Every website relies on images to present information, set a tone, and ultimately provide an ideal user experience. Images are often the main culprit at increasing the load time of countless church websites. Luckily there's a solution - image optimization.
Here are the 3 online image compression tools that we use to generate the highest quality and lowest file size JPEG and PNG images on the NJ Content Creator Website.
Unlike most other online image compression tools, ImageRecycle optimizes all standard images (JPG, PNG, GIF) and PDF files. The free (no login required) Uploader provides easy drag & drop uploading capabilities. Its URL Optimizer and Page Optimizer options require a paid membership (starting at $10/year for 10,000 compressions).
The ImageRecycle URL Optimizer enables you to enter one or more file URLs (the files can be hosted anywhere) for compression. The Page Optimizer extracts and compresses every image of any web page (page - not entire site). What makes the Page Optimizer feature ideal is that the zip file retains the file structure so you can easily FTP the optimized images back onto your server.
ImageRecycle also provides CMS plugins (WordPress, Joomla, Magento, and Shopify) that processes images on your server and takes away the hassle of converting before upload.
What makes Optimizilla unique, is that it enables you to specify the compression level and offers a side-by-side original and optimized image comparison (similar to Adobe Photoshop). With this feature you can find the smallest possible file size while ensuring the image quality is to your liking.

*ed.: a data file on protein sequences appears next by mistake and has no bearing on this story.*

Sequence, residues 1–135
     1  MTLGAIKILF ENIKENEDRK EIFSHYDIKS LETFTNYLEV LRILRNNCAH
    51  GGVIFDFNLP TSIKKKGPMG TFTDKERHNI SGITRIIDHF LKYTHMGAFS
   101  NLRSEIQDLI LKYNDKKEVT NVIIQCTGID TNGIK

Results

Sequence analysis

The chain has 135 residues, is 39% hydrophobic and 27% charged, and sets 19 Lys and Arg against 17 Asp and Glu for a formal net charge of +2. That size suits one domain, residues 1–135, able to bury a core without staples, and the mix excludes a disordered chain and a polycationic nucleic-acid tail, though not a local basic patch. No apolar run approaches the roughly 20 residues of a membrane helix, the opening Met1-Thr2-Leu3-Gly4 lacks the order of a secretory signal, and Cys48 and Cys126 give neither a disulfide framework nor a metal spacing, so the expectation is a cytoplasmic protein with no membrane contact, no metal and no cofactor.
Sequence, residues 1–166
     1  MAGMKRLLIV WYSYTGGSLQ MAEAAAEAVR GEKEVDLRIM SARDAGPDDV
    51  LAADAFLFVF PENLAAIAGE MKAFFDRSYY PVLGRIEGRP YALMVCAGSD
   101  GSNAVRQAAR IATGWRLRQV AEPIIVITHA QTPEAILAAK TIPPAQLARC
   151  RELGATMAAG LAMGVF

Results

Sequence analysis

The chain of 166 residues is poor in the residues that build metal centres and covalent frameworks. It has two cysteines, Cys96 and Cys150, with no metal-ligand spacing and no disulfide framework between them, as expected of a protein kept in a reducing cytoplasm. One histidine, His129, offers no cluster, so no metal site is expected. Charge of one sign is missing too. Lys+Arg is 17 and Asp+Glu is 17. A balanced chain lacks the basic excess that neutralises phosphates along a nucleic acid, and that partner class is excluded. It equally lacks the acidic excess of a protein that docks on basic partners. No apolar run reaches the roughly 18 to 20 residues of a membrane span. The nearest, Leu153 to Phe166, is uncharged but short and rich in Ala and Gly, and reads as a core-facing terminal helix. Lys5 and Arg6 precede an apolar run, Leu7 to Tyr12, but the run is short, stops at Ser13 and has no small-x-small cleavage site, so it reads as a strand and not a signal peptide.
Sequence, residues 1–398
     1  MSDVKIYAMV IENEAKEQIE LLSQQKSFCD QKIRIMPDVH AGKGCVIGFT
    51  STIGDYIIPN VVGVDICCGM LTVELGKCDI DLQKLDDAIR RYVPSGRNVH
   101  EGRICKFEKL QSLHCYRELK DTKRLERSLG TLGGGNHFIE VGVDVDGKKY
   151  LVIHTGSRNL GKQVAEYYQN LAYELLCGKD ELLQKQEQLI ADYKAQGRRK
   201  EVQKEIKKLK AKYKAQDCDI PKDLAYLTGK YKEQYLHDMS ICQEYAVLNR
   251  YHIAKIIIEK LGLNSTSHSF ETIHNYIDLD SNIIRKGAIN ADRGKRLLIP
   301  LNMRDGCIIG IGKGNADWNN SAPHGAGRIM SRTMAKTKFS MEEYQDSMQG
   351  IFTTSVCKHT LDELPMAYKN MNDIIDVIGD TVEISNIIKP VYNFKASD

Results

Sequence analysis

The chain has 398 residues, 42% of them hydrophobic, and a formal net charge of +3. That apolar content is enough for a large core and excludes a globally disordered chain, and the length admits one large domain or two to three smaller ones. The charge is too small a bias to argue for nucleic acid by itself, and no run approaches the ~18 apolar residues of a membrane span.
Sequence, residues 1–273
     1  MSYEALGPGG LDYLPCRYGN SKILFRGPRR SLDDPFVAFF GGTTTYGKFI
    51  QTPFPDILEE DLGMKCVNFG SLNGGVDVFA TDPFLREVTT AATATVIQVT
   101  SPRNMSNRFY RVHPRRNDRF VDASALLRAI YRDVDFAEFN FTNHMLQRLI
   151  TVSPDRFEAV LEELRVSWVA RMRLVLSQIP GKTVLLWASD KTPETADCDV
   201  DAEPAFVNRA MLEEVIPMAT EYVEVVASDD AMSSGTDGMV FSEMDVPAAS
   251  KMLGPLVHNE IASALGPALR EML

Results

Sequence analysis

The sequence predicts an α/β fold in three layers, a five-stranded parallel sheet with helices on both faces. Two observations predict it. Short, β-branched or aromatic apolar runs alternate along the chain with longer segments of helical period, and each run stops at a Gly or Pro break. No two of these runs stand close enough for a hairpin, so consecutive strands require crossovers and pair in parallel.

Optimizilla’s best optimization and lossy compression algorithms works for shrinking JPEG and PNG images. It's drag & drop interface allows for 20 images at at time.
Don't be fooled by the simple interface. MozJPEG has high, medium, and low settings that are often more than enough to find the perfect balance of smallest file size and optimal image quality. Like it's name, MozJPEG was crafted to provide web optimized JPEGs, though it does offer a PNG output option.
What makes MozJPEG valuable is its High DPI mode for producing extra large images for retina devices. It's powered by the popular ImageOptim app originally made for Mac users.
Save your original image for 100% image quality. This allows any image compression algorithms to work from the best quality image. It's also a good practice to keep the original (100% quality) as a back-up. Either keep the original in a separate folder or denote the original in the file name (my-image_original.jpg)
How do you optimize your images? I would love to know. Leave a comment or reach out via social media.